Ethiopia is a large nation, with a population of more than 70 million, 30 million of whom are eligible to vote, with 25.6 million registered to cast ballots in 36,000 polling stations. Thirty-seven political parties have qualified candidates to seek the 547 parliamentary seats plus local community posts. Meles's ruling party, the Ethiopian People's Revolutionary Democratic Front (EPRDF) now holds 481 of the seats, and there are two significant coalitions among the opposition: Union of Ethiopian Democratic Forces (UEDF) with 12 parties and a better organized Coalition for Unity and Democracy (CUD) with four parties.

There has been increased freedom for all candidates to campaign, opposition parties were granted 56 percent of television time, and for several months there have been televised public debates every week or two, each of them unrestrained and lasting about three hours.

A number of domestic observer groups were disqualified by the National Election Board (NEB), but this decision was reversed by the Supreme Court. Unfortunately, this decision came late in the electoral process, greatly hindering the efforts of domestic observers to mobilize in rural areas. There have been continuing reports from the opposition of intimidation and from the ruling party of attempts to disrupt the electoral process. We and other international observers have investigated as many of the complaints as possible and found a few of them to be justified and called on the NEB to investigate fully such complaints.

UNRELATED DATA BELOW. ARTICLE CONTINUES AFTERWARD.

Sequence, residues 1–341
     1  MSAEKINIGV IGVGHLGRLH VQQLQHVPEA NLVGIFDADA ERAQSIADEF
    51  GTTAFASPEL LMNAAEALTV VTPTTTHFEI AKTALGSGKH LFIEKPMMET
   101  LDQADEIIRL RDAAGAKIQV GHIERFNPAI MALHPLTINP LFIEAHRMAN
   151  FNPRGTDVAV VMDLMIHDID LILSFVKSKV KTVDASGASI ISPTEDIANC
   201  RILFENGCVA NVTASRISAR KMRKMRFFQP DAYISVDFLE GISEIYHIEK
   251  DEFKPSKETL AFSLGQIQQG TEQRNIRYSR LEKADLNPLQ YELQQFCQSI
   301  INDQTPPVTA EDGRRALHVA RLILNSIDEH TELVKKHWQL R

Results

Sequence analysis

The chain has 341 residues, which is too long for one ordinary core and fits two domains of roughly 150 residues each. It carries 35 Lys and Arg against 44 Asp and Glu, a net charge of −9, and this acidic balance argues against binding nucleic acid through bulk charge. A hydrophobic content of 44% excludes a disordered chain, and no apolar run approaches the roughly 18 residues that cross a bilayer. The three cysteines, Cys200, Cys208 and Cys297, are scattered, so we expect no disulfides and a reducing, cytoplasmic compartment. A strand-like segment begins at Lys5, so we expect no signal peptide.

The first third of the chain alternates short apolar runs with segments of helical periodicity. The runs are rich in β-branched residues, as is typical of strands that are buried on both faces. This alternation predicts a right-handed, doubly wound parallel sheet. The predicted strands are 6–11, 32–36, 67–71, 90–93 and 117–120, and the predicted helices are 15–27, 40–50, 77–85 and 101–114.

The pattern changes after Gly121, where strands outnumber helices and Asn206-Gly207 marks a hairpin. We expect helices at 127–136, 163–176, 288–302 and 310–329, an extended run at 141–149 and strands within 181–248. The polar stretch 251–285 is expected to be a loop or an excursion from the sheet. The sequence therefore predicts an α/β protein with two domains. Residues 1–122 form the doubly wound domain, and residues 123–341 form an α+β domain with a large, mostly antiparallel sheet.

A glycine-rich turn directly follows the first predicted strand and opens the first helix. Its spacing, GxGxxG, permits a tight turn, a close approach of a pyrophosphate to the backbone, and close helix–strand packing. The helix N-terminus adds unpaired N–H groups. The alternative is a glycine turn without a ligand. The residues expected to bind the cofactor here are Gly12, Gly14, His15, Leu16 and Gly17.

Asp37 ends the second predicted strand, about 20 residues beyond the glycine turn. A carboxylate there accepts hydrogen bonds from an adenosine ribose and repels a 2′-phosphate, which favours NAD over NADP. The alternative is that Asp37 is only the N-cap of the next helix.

Co-leaders of our delegation are former President of Botswana Ketumile Joni Masire and former Tanzanian Prime Minister Joseph Warioba. Preceding the election, we met with John Hardman, Rachel Fowler, Samantha Aucock, and our delegation leaders, U.S. Ambassador Brazeal, Prime Minister Meles, members of the National Election Board, Ministers of Foreign Affairs and Information, the first lady, opposition party leaders, domestic observer groups, civil society leaders, other international observers, President Girma Wolde-Giorgis Luncha, and the large press corps, and we attended a reception at the U.S. embassy.

In our meeting with the prime minister, he made it plain that he wants a peaceful resolution of the border dispute with Eritrea, will not initiate military action, and will work with any mediator between him and Isaias Afwerke. He is open to the recommendations of the U.N. border commission. If the Eritreans launch a war, it will not be confined to the border, but an all-out conflict with the goal of changing the administration in Asmara. Meles considers the U.S. government the only interlocutor powerful enough to induce (force) Isaias to agree to negotiation.


Meles claimed that the entire leadership of the EPRDF was committed to an honest and fair election, and they have issued instructions to expel anyone from the party who violates this commitment. Nevertheless, Meles recognizes that local EPDRF leaders, some of whom are overly enthusiastic and not controlled by the leadership, may have acted improperly. Meles told us he wanted all international observers to assess any allegations of impropriety and report them to him or the NEB.